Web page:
3. From John Gray's review of Mark Rowlands' THE NATURE OF THE BEAST The Philosopher and the Wolf: Lessons from the Wild on Love, Death and Happiness, an article in Literary Review online:

wolf John Gray.gifThe bond that Rowlands formed with Brenin was based on the fact that the wolf had emotions in common with the philosopher, such as courage, affection and delight in play. At the same time, Rowlands seems clearly to have been drawn to the wolf because of its profound differences from humans. In evolutionary terms humans belong in the ape family, and if apes are intellectually superior to other animals it is because of their highly developed social intelligence. Some of the most valuable features of human life - science and the arts, for example - are only possible because of this intelligence. But it is also this type of intelligence that enables apes - some kinds of ape, at any rate - to engage in forms of behaviour that, when more fully developed, embody types of malignancy that are pre-eminently human. As Rowlands puts it: 'When we talk about the superior intelligence of apes, we should bear in mind the terms of this comparison: apes are more intelligent than wolves because, ultimately, they are better schemers and deceivers than wolves.' The ability to scheme and deceive requires a capacity to enter the minds of others, which other animals seem not to possess in anything like the same degree. But the human capacity for empathy brings something new into the world - a kind of malice aforethought, a delight in the pain of others that aims to reduce them to the condition of powerless victims. If the philosopher loved the wolf, it was because while it could kill without emotion it lacked this distinctively human trait. Among other things The Philosopher and the Wolf is a series of unsentimental reflections on human evil. Rowlands does not think of evil in simple terms, as mere Schadenfreude - it is far more complicated than that. But neither does he share the rationalist delusion that evil is a kind of error, which can be removed from human life by better knowledge and improved understanding. On the contrary, unfashionably but to my mind rightly, Rowlands accepts that evil is part of human nature, which can be moderated but never eradicated. Mark Rowlands tells us he has long pondered the claim, often advanced as an objection to his life with Brenin, that wolves have no place in civilised society, and has finally concluded that it's true. The reason is not that Brenin was too dangerous to be allowed in civilised company. Rather, it is that 'he was nowhere near dangerous, and nowhere near unpleasant, enough. Civilisation, I think, is possible only for deeply unpleasant animals.' I would put the point rather differently. Civilisation is a way of coping with what that supremely great twentieth-century poet Wallace Stevens called 'the unalterable necessity of being this unalterable animal'. The dark side of the human animal is not wolf-like; it is ape-like, and at its worst peculiarly human. In other words, civilisation is a defence erected by humanity not against bestiality, but against itself.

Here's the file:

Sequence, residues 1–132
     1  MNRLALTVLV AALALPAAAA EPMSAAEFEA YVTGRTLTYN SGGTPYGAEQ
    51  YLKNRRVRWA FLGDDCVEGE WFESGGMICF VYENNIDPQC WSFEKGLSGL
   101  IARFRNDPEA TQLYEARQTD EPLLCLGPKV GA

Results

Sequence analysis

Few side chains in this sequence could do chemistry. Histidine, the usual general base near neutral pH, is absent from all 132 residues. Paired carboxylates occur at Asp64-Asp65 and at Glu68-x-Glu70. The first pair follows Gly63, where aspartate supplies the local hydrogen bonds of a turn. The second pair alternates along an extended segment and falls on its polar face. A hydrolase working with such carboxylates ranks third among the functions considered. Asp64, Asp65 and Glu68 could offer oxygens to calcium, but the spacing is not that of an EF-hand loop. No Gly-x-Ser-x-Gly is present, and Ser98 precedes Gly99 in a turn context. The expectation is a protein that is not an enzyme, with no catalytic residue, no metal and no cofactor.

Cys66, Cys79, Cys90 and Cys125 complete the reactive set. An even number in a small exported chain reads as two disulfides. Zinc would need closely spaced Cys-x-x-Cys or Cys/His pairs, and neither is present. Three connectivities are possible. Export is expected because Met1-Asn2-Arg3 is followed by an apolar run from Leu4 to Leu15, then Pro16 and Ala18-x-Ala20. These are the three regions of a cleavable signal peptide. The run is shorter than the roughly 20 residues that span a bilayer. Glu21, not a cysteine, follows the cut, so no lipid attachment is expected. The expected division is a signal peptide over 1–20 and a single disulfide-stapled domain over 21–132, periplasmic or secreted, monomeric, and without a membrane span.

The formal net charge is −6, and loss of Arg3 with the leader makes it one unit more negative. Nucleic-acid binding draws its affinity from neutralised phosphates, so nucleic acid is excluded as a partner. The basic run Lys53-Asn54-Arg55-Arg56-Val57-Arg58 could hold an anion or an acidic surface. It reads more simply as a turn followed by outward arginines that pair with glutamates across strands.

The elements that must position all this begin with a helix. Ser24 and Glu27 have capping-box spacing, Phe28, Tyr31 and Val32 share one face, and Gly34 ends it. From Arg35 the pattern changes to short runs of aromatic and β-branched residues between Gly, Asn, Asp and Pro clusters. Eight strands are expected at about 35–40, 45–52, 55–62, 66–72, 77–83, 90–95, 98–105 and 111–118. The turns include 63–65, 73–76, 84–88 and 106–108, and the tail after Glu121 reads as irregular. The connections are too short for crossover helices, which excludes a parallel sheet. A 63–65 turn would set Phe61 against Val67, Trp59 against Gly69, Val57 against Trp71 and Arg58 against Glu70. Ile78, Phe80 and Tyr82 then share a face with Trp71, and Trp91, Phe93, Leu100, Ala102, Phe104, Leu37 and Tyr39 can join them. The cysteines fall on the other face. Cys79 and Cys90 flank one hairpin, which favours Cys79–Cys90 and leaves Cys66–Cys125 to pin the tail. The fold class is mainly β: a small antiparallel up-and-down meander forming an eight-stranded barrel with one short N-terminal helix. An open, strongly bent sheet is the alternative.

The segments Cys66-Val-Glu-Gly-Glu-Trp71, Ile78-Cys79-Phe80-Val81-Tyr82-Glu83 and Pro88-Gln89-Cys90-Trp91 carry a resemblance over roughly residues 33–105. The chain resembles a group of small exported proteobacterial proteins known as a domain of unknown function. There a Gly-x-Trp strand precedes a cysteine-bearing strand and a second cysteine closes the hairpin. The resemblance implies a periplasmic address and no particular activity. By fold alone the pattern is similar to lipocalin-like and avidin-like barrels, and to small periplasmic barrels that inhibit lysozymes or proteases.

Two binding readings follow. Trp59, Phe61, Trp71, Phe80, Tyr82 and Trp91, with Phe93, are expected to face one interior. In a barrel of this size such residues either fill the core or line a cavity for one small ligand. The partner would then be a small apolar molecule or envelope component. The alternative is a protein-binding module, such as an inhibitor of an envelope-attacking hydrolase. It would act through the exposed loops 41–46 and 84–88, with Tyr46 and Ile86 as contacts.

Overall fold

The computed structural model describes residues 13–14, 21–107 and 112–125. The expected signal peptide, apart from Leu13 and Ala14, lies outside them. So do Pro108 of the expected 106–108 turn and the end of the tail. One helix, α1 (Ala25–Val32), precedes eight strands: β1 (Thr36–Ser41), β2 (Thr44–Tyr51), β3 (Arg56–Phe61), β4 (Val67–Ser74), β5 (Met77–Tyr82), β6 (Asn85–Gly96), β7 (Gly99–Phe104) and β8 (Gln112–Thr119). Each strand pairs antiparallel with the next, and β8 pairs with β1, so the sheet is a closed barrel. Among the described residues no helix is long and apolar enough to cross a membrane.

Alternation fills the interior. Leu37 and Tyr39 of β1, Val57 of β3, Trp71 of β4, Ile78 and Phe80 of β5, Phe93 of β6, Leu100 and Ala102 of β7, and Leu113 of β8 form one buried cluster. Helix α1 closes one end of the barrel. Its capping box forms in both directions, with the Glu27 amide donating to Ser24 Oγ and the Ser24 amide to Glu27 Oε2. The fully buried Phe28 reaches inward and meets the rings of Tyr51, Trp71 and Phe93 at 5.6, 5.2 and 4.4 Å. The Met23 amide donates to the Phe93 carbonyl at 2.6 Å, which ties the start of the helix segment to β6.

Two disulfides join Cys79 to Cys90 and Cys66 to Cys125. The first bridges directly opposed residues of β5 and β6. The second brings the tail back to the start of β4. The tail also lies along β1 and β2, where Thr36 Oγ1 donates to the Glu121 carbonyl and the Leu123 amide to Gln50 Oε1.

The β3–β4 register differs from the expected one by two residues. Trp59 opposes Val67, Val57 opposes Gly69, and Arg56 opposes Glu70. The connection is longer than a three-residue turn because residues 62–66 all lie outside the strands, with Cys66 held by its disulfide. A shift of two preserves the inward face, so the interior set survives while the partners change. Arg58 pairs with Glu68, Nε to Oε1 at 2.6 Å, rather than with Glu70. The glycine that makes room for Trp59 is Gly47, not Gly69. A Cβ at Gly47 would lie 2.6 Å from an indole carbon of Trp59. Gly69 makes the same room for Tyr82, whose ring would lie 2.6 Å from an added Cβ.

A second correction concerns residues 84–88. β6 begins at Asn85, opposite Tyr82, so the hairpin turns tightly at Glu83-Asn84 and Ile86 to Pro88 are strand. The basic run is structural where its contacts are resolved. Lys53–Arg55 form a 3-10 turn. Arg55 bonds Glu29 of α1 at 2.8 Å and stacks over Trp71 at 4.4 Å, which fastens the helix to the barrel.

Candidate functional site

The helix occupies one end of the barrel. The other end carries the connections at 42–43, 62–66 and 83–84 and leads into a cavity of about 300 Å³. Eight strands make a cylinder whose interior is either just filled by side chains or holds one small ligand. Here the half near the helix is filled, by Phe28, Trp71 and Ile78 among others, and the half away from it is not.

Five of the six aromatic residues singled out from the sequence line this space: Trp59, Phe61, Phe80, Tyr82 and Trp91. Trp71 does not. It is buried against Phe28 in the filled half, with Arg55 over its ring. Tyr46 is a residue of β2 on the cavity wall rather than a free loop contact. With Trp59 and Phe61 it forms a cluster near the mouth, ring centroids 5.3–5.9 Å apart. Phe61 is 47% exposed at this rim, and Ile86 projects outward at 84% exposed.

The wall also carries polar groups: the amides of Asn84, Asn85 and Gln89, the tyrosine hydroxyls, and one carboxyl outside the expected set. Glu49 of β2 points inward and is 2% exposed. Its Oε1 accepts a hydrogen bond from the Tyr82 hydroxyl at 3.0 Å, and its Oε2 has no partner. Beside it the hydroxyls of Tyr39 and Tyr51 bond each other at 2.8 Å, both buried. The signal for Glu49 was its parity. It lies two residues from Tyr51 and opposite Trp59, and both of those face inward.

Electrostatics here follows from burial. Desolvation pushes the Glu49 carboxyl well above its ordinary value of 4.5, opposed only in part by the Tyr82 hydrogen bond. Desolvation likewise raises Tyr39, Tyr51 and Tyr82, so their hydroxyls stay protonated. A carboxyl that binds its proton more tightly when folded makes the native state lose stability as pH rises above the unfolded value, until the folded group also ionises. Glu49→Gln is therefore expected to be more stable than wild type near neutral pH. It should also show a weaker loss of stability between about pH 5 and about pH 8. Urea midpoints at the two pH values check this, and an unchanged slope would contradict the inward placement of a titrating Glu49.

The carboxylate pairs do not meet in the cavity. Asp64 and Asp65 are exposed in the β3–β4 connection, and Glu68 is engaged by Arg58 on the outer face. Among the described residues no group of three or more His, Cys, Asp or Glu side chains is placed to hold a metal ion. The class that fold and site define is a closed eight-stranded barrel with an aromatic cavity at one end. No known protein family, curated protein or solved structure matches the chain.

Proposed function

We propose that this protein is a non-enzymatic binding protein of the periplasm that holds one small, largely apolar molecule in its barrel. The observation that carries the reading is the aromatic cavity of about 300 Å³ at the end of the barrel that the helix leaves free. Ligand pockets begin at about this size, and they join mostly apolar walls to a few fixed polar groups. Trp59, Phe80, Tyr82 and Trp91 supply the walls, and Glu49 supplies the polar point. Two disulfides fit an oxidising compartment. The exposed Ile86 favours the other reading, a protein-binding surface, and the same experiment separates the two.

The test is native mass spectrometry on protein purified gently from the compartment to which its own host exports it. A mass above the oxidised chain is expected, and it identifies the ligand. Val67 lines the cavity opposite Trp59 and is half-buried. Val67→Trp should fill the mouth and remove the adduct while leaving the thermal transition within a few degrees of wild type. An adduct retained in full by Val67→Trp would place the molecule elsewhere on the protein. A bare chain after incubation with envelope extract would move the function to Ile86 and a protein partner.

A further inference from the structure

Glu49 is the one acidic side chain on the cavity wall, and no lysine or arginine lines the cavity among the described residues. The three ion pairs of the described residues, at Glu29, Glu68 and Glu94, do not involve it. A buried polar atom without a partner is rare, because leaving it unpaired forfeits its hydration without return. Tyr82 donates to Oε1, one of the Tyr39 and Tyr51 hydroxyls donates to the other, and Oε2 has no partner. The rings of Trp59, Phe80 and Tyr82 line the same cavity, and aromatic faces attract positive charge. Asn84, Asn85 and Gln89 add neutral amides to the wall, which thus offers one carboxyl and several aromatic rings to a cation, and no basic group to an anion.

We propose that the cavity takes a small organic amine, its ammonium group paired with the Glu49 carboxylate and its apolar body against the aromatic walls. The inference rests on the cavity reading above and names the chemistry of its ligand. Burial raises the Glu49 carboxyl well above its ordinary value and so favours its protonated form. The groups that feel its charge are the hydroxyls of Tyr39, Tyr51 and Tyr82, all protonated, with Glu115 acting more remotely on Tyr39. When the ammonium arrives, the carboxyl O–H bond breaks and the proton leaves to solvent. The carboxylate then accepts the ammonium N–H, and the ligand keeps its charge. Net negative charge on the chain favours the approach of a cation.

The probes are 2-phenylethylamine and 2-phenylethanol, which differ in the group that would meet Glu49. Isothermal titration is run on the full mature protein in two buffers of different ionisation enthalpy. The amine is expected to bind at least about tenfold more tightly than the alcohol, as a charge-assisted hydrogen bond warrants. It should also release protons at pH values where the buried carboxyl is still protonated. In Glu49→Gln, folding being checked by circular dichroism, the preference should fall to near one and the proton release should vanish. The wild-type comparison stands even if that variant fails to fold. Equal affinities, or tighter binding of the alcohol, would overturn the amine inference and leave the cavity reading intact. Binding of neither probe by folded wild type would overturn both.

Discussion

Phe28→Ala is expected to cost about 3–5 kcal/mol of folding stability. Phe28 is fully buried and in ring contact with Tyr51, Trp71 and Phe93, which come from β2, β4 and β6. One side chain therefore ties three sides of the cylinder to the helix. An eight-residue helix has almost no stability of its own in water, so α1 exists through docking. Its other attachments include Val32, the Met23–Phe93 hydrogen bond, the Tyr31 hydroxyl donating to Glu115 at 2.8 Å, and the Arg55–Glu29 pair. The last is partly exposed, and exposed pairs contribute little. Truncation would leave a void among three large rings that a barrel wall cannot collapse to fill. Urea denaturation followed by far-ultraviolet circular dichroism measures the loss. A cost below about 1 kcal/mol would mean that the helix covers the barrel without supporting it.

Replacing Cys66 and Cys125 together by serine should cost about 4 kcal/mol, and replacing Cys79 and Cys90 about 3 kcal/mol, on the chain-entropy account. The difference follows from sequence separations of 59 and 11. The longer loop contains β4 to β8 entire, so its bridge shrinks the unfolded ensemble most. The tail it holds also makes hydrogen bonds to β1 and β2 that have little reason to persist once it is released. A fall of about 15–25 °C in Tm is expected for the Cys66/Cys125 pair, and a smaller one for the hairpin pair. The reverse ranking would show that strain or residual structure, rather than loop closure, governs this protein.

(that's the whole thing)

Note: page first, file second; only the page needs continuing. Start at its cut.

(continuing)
(Emphasis Mine.)

Posted by Dennis at December 23, 2008 8:50 PM